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Searching for whales in the Mediterranean Sea

by Anaïs Rémili

©Anaïs Remili

It was my first field internship, in the summer of 2016. Unlike my university friends, who were celebrating their graduation, I decided to spend the summer working on whales and dolphins in the Mediterranean Sea.

Searching for whales is difficult. My eyes suffered a lot that summer. The water reflects the light of the sun on the surface. Once you spot a whale or a dolphin, it often directly dives and vanishes forever. If you encounter a sperm whale or a Cuvier’s beaked whale, it could go for a deep dive and only resurface an hour later! There is a lot of patience involved in this type of research. However, I will never regret my long hours at sea that summer. I was lucky to meet some of the most magnificent animals on Earth. 

©Anaïs Remili

The stripped dolphin (Stenella coeruleoalba) can be found in most Oceans. In the Mediterranean Sea, they live in pods and travel along the coast looking for cephalopods to feed on. They can perform acrobatics and are quite agile! 

During my time in Italy, I encountered several pods of stripped dolphins. They were a lot of fun because they can be quite friendly and playful. The juvenile in the picture above was one of the most gorgeous dolphins I saw this summer. 

©Anaïs Remili

The fin whale (Balenoptera physalus) is the second largest mammal on the planet. It can reach twenty-seven meters although its size usually oscillates between eighteen and twenty meters. It was hunted heavily before commercial whaling was banned by the International Whaling Commission. This beautiful whale is one of the eight species of marine mammals protected in the Pelagos Sanctuary between Northern Italy and Corsica. It feeds on small fish, squid, and krill.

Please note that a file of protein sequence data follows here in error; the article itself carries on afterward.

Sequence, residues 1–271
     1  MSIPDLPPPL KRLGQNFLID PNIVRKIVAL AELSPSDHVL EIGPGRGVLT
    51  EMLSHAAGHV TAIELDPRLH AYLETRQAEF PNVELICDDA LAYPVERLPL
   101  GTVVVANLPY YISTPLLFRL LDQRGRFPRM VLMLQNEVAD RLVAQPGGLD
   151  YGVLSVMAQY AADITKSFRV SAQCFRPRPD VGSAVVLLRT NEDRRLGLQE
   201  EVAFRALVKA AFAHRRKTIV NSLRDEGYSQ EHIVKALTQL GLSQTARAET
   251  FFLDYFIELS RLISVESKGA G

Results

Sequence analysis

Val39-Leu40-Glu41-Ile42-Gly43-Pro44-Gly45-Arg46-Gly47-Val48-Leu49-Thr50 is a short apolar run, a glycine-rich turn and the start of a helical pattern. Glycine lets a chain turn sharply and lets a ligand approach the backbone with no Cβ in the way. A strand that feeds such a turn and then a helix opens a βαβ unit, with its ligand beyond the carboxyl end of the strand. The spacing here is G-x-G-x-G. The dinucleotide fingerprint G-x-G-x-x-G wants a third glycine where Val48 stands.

We were told that fin whale sightings were rare, and it was the first sighting of the season. It was not hard to spot because of the shape and size of their blow – it was so close that I felt its blow! It was a surreal encounter. 

©Anaïs Remili

Finally, the Cuvier’s beaked whale (Ziphius cavirostris) is definitely the most elusive whale in the Pelagos Sanctuary. They can dive as deep as 3000m and hold their breath for up to two hours! They like to feed on squid. They are particularly sensitive to noise and military sonar because it confuses them and can even be lethal to them as they can get decompression sickness such as gas embolism. 

I had the chance to spot a family of Ziphius, including a calf. That day was one of the hardest days that summer at sea, because we were barely able to get a glimpse of the whales, but this magical encounter with the calf made it all worthwhile. We had to be on the lookout for any sign of their presence, which is difficult to do since their blow is not visible like that of the fin whale.

I will forever miss the beautiful creatures of the Pelagos Sanctuary. They made me want to study the impact of pollution on marine mammals and I would not be where I am today without this internship. Today, I study chemical pollution in killer whales from the North Atlantic for my PhD. I do not travel much to Italy these days. But I know I will go back, one day …

Anaïs Remili is a Ph.D. candidate at McGill University, under the supervision of Dr. Melissa McKinney. She works on killer whale feeding ecology and ecotoxicology. She has always had a passion for marine mammals. She received her M.Sc. In Marine environment and resources from the Marine Environment and Resources consortium, an Erasmus Mundus + Master Program in Europe; and her B.Sc. In Biology of the Organisms and Populations from the University Claude Bernard of Lyon in France. 


Post date: May 15, 2020


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